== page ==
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SWEET SUCCESS Shy-Anne Shamelia Harris grateful for CSEC passes

Shy-Anne Harris

Kareem LaTouche, Youthlink Coordinator

As countless students are in the throes of academic study, homework assignments and graded classwork, Youthlink takes the time to share some success stories as sources of motivation for the future. Celebrate the accomplishments of these champions of the recent Caribbean Secondary Education Certificate (CSEC) exams.

Reading about success is always sweet, especially when it highlights the limitless potential of our young people. Success tastes even better for those experiencing it and those witnessing it, when it emerges beyond the shadow of struggle. Thus, for 17-year-old Wolmer’s girl Shy- Anne Harris and her relatives, success in the June 2018 CSEC examinations was the sweetest.

“I was so shocked. I didn’t even know how to feel because I was not expecting that. I had anxiety attacks in all my exams. I thought I couldn’t do it, but God had a different plan for me, so I really had to thank God. This was all that went through my mind at the time, ‘Thank you, Jesus, Thank you, Jesus for helping me with this’,” Shy- Anne reports to Youthlink.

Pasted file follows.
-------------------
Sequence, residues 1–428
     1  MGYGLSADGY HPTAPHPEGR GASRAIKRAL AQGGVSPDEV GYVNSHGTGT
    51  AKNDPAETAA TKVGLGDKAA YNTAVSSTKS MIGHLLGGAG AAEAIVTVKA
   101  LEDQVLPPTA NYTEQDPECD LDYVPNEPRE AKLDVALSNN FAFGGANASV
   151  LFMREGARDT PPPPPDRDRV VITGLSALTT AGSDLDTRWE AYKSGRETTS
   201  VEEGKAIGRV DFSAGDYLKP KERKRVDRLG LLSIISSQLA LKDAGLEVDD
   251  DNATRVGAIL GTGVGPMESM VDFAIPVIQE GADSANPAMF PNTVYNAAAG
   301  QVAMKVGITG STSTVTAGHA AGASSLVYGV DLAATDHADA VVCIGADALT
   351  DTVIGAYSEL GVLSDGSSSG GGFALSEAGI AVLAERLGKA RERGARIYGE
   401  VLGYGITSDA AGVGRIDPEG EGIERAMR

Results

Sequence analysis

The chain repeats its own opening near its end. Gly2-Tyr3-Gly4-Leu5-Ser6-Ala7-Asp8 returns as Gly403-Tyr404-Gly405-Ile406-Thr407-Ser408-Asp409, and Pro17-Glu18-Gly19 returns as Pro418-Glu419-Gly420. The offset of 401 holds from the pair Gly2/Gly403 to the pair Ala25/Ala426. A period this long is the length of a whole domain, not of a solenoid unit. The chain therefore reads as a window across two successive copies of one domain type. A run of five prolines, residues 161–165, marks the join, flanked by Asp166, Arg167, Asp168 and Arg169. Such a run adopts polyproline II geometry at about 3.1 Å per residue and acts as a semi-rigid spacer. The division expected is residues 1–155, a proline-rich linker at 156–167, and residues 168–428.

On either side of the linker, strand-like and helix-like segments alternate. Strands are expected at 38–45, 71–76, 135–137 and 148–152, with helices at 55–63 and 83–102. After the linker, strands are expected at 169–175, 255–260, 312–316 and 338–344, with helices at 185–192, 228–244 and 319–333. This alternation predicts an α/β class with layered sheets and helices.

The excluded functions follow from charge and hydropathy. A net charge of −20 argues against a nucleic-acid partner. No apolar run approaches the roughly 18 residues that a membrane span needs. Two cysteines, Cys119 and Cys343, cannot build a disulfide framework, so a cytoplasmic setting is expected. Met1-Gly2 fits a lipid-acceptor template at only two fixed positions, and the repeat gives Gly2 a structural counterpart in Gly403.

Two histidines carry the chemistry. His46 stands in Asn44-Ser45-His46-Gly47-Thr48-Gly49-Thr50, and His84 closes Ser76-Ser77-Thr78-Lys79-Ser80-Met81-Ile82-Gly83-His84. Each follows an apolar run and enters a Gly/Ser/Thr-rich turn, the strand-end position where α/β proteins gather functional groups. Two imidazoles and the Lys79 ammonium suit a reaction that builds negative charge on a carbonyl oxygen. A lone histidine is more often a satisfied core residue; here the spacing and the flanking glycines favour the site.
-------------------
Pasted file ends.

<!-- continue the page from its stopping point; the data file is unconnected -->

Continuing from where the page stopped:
It’s safe to say that hearing she earned seven ones and two twos was like receiving a long-awaited present for the teen. “My mom and my best friend were there, and it was on my birthday, you know! Mommy went all around and she told everyone, because she was so happy.”

ACADEMIC GROOMING

The proud Wolmer’s girl spoke highly of how her experience at school groomed her academically as well as socially. “It was actually really good. I met a lot of friends there and my teachers were really good as well. You learn a lot, you learn a lot of things that can’t change,” she declares. Shy-Anne speaks of the Wolmer’s culture of standing in classrooms upon the entrance of a teacher, as a sign of respect and etiquette, a practice she has proudly taken with her to her sixth-form life at St George’s College.